domingo, 9 de septiembre de 2018

This Sporting Life ‎- Show Me To The Bellrope (1982)

This Sporting Life was a souped up extension of Alms For Children, Auckland city boys with a cut down amped up sound who left their mark with a landmark indie single and minor chart hit on the truly independent REM Records in August 1981. Paul Fogarty (guitar), Ben Hayman (bass), Daron Johns (drums) and Gary “Rodent” Charlton (vocals) had been at the innovative edge of the early 1980s New Zealand indie boom for nearly two years by then. A great piece of NZ history right here.. Raw punk at it's finest! One of the lost treasures of Flying Nun!!

The Dum Dum Boys ‎– Let There Be Noise (1981)

New Zealand Stooges obsessed punks from Auckland formed in the early 80's and released their first and only album in August 1981; an unreleased second album, "Death Or Glory" was recorded, but with no shows and recognition sparse, the band changed their name becoming The Henchmen in late 1982. A lot of songs from "Death Or Glory" ended up (with different lyrics) on the Henchmen first Album "We've Come To Play".  Founded 1980 by Anthony (guitar), Tony (vocals) and completed with Chris (bass) and Dean (drums). This album was released via Bondage Records and it was the first complete punk rock album by a New Zealand group and offers eleven catchy superbs, the right sound to forget your troubles and now exactly right for me. An unreleased second album Death or Glory was recorded, but with no shows and recognition sparse, the determined duo changed their name, but not their sound, becoming The Henchmen in late 1982.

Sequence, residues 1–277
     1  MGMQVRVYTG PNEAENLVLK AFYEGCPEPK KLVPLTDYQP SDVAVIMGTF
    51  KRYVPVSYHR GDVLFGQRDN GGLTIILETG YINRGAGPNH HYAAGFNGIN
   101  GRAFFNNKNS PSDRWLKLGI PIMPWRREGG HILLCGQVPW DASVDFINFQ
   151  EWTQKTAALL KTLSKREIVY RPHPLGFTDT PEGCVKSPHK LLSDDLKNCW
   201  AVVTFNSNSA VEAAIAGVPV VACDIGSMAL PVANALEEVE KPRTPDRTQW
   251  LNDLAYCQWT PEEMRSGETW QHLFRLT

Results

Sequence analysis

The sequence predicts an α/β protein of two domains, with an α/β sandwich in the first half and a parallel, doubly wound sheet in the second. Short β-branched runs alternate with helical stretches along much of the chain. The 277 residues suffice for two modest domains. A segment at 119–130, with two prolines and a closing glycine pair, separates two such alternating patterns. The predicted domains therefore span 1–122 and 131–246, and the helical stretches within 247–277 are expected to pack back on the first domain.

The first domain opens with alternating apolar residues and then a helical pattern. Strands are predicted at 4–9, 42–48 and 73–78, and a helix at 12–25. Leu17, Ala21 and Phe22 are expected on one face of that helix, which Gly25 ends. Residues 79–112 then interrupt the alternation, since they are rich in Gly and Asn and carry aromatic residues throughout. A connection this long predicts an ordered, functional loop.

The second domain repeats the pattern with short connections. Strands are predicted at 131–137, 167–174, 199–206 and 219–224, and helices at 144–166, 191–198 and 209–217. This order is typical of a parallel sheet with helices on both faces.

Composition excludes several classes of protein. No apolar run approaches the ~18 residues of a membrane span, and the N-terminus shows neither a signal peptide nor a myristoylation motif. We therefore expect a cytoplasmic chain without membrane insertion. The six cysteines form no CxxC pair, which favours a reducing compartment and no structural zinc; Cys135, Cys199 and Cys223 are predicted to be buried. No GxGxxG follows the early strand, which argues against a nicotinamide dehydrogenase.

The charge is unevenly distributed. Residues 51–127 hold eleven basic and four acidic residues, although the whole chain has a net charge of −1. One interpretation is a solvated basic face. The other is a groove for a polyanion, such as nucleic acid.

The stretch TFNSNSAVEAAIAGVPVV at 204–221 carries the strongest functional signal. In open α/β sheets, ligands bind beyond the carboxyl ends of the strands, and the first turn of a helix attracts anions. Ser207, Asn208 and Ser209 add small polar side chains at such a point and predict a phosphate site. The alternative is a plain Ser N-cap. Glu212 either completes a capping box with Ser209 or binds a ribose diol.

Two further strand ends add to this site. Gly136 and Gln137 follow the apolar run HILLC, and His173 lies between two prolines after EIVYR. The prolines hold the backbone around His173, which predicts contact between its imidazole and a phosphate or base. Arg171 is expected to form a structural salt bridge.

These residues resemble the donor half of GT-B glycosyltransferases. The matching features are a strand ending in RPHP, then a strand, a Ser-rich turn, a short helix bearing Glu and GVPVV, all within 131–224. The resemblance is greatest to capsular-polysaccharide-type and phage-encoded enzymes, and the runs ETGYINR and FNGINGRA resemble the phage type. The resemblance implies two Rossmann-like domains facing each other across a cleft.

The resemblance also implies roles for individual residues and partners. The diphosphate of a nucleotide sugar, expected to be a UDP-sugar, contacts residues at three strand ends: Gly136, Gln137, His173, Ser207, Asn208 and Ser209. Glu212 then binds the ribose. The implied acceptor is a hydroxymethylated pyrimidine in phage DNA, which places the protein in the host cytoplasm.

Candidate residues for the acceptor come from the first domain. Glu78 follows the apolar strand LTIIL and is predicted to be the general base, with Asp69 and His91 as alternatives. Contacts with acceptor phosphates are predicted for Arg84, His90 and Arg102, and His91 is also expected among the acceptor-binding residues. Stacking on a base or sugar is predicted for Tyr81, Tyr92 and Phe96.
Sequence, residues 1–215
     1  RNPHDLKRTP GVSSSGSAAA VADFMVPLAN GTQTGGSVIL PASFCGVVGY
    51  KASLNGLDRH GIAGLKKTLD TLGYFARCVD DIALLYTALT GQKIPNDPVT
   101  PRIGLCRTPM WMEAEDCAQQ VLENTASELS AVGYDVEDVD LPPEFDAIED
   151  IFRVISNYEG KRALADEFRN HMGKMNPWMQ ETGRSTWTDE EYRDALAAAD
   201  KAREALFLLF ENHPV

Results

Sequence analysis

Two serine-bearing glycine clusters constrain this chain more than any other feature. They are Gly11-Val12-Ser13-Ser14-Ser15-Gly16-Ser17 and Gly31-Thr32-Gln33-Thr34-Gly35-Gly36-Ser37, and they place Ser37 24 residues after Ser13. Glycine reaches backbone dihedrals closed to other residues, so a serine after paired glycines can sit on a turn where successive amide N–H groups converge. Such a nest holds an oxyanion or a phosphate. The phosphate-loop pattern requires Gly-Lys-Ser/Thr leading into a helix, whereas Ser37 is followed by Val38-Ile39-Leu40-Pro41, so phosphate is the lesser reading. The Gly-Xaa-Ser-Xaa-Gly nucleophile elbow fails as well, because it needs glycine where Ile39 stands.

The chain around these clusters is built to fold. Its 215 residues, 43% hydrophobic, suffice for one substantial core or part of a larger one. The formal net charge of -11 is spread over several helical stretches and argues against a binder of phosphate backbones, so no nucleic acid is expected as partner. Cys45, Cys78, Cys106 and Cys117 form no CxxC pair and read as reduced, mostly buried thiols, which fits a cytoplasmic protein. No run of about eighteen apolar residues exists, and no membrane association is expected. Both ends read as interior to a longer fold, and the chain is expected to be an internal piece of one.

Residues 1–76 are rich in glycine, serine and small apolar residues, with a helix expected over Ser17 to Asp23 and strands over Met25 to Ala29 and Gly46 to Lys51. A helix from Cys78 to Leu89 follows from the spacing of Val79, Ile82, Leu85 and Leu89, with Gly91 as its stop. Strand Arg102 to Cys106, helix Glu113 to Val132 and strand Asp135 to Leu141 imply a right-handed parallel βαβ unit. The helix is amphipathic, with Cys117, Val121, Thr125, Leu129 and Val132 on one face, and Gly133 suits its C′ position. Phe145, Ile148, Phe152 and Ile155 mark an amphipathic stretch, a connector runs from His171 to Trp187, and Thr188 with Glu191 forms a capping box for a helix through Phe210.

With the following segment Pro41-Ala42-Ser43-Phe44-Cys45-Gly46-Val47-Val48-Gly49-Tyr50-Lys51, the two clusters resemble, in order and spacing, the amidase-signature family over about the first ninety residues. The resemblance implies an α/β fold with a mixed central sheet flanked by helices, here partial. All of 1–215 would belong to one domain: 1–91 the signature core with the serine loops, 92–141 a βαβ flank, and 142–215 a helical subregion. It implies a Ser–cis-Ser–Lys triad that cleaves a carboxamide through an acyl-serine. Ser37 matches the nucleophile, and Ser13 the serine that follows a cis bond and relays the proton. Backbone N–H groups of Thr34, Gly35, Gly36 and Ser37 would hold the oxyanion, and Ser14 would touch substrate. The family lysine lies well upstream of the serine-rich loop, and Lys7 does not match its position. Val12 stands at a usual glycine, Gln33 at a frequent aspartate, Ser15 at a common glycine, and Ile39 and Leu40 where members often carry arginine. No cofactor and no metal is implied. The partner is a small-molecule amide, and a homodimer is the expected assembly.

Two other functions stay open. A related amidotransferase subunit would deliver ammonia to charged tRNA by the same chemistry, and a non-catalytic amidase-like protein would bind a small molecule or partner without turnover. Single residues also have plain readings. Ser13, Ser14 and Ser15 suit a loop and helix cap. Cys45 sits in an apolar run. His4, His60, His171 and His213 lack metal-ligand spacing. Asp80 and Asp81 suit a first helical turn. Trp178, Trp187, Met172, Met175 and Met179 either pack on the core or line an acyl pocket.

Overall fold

DD Smash - The Optimist (1984)


DD Smash - Cool Bananas (1982)

Led by the highly respected singer/songwriter Dave Dobbyn, DD Smash was among the most popular New Zealand bands of their era. Formed in mid-1981, the group was originally named Dave Dobbyn's Divers, and also consisted of ex-Lip Service guitarist Rob "Revox" Guy, drummer Peter "Rooda" Warren and bassist Lisle Kinney. After a handful of gigs they rechristened themselves DD Smash, and soon issued their first single, "Repetition"; it quickly reached the Top 25 and led to the 1982 release of the LP Cool Bananas, which entered the charts at number one. After an auto accident, Kinney left the band, and with new bassist Ian Morris, DD Smash resurfaced in 1983 with the hit "Outlook for Tuesday." After a concert LP, Live: Deep in the Heart of Taxes, Dobbyn fired everyone but Warren, recording 1984's The Optimist with session players. On December 7 of that year, the new DD Smash played a free concert which ended in rioting; Dobbyn was made the scapegoat of the incident, and was tried for inciting the crowd to violence. The charges were eventually dismissed, but in the wake of the trial, DD Smash quietly disintegrated, as Dobbyn began focusing more and more of his energies on solo work.

Fatal Jelly Space - Hole (1990)

Fatal Jelly Space was a New Zealand band based in Auckland with an all female line up. The band existed from 1989 - 1994 and decided to cease when Jacinda (vocals) stated that she wasn't angry anymore and wanted to do something else.

Suburban Reptiles - Suburban Reptiles (2011) [1978]

Auckland’s The Suburban Reptiles, along with The Scavengers who started around the same time, were the first 1970s styled punk band in New Zealand. Formed at the beginning of 1977, inspired by a New Musical Express story seen by Simon Grigg, the original performing line-up was Zero (Clare Elliot, vocals), Billy Planet (Will Pendergrast, bass), Jimmy Joy (also Jimmy Vinyl, saxophone), Shaun Anfrayd (Brian Nicholls, guitar), Des Edwards (drums) and Sissy Spunk (Trish Scott, guitar).

Chris Heazlewood - They Slaughter Small Children (1992)


Chris Heazlewood - Surf's Up In Malibu 7'' (1993)